However, a few weeks ago I got to do a really exciting thing! The SBS college is hosting an event called The Great Cartoon Debate of 2016. Two famous political cartoonists from each side of the political spectrum are going to talk politics in the best way they know how: through cartoons! This will all take place in front of a live audience, in a small movie theather here in Tucson (I'm not much into politics, but I think I might actually go to this, it seems that it will be hilarious!) But anyway, a graphic was needed to advertise this on the social medias and various print and online calendars, and yours truly was asked to create it!
Here it is:
And this is on the SBS Facebook page, the theater's website, and a few more websites. It's so exciting to see my (MY) art out in the world, it's just a little cartoon, it took only a few hours to make, but still!! Everyone at work was super impressed, and more people know my name and what I do now. This is just the begging of a lot of great opportunities, I just know it!
Now for some art for school.
For some reason art classes love to start with a portrait, often a self portrait too, so I'll be doing one of those soon(bleh), but since the other portrait can be of anyone or anything I got real creative and chose Pharaoh Hatshepsut. I learned about Hatshepsut about a year ago, and she's been in the back of my mind ever since, and while pondering what awesome woman to do for this portrait assignment her story popped back into the front of my mind.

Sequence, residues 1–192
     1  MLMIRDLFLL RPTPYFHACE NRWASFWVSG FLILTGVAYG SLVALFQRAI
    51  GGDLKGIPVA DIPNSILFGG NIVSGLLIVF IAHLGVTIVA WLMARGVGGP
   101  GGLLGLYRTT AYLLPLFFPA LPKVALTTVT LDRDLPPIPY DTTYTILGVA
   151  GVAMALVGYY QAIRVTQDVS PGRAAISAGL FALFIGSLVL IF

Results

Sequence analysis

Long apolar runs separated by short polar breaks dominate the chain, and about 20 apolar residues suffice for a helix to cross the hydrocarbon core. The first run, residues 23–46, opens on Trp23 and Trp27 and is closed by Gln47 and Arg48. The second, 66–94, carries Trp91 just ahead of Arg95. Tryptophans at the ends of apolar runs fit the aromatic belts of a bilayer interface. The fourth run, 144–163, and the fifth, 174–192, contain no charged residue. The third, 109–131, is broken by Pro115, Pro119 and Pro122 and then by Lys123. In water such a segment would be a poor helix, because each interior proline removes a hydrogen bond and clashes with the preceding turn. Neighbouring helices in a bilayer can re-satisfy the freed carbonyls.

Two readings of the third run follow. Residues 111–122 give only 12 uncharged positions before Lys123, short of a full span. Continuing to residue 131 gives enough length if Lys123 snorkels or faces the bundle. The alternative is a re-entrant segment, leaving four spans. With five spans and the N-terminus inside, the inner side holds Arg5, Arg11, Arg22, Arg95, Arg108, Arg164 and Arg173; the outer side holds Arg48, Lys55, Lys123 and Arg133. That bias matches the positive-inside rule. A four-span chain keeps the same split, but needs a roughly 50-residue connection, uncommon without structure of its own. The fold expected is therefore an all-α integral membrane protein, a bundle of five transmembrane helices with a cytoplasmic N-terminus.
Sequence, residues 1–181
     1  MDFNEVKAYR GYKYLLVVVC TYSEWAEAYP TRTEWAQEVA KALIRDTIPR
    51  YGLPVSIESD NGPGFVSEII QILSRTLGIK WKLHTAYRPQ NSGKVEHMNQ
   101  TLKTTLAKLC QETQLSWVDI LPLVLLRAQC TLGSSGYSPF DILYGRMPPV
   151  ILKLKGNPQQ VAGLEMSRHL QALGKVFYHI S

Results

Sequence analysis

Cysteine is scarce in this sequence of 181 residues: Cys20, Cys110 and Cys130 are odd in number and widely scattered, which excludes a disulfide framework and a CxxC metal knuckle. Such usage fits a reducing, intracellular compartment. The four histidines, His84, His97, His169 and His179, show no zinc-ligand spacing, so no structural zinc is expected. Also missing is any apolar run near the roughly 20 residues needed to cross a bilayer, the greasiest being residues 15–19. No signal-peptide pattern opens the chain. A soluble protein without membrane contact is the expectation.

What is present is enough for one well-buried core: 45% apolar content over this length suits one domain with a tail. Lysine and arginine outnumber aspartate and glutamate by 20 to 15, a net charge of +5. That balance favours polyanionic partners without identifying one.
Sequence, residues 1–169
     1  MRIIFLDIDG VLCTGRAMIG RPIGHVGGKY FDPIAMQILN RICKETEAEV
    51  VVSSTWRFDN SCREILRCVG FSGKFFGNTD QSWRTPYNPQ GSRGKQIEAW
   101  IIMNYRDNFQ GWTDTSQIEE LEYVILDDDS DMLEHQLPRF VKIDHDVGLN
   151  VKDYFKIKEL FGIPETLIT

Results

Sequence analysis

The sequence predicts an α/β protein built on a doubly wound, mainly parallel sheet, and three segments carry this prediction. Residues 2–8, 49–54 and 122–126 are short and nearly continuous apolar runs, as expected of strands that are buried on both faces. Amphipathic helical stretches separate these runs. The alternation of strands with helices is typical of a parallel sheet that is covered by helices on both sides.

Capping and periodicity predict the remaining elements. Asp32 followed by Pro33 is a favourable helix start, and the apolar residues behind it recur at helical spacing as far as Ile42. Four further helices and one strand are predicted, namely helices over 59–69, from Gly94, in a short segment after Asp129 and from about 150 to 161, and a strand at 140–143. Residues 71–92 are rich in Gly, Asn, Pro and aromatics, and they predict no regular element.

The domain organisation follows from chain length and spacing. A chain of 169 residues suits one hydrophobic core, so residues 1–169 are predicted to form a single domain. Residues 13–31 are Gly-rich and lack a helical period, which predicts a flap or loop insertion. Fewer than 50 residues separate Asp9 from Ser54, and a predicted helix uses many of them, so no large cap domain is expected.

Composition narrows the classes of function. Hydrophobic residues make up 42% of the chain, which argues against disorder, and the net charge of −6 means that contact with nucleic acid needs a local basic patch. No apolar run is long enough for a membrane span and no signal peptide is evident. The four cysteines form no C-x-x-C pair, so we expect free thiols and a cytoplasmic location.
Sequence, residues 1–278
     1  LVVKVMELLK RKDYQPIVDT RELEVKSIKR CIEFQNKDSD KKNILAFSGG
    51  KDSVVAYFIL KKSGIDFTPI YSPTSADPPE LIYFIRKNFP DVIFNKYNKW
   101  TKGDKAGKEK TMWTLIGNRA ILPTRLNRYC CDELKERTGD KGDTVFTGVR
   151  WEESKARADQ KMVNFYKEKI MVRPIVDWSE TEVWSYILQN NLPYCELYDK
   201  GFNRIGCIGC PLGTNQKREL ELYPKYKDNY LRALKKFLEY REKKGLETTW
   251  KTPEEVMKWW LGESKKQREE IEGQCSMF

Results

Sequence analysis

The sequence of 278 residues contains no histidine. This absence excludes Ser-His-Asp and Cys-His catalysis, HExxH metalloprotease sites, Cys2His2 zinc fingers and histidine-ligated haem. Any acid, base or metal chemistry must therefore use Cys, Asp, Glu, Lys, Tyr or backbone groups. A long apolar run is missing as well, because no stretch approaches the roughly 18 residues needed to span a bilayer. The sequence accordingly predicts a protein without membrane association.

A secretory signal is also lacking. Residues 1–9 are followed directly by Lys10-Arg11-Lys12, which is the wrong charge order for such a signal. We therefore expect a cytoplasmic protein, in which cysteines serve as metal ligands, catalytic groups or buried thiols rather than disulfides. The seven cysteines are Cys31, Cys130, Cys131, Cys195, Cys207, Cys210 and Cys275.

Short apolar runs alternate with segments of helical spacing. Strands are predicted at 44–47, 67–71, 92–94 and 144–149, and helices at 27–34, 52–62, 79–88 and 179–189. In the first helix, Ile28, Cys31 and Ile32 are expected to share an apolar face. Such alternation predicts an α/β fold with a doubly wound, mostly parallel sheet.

Let me tell you a little about her. She lived way back in 1400 BCE, daughter of the Pharaoh, Thutmose I. Her husband/brother died when his son was very young, and since a kid can't really rule Egypt, she became queen regent. However, she really took over, becoming more powerful than any female ruler before her, taking on the role of Pharaoh, which is supposed to be a male role since the Pharaoh was an incarnation of the male god Horus. So she tried to assume a more masculine role by wearing the Nemes headdress (think King Tut's sarcophagus) and fake beard, and sometimes using the name Hetshepsu, with a masculine ending (think Alexander vs. Alexandra). From the records she seemed to be pretty good ruler, started trade, built a cool burial complex, fought off the enemy, etc.
But about 20 years after her death, someone tried to literally erase her from history. Her statues were destroyer, her name and images chiseled off the walls of her temple. Just enough remains that archaeologists pieced her story together, and even found her mummy not in the official tomb, but in an unmarked one somewhere else. No one knows who did this, or exactly why, but we can be pretty certain that the fact that she was a woman had something do with it. As I mentioned before, the Pharaoh was an incarnation of a male god, and a woman doing that went against societal roles and cultural values of predictability and maintaining tradition.
Here's a picture of one of her statues from Wikipedia:
There a several documentaries about her on YouTube that I would encourage you to check out to learn more, it's a really fascinating tale. So I have this idea of drawing her, standing in a powerful positing, but she's also being blown away, as if she were made from the sand dunes of Egypt itself. These are some of my first doodles for it.
I'm very excited to work on this project!
Lastly, some leg art =D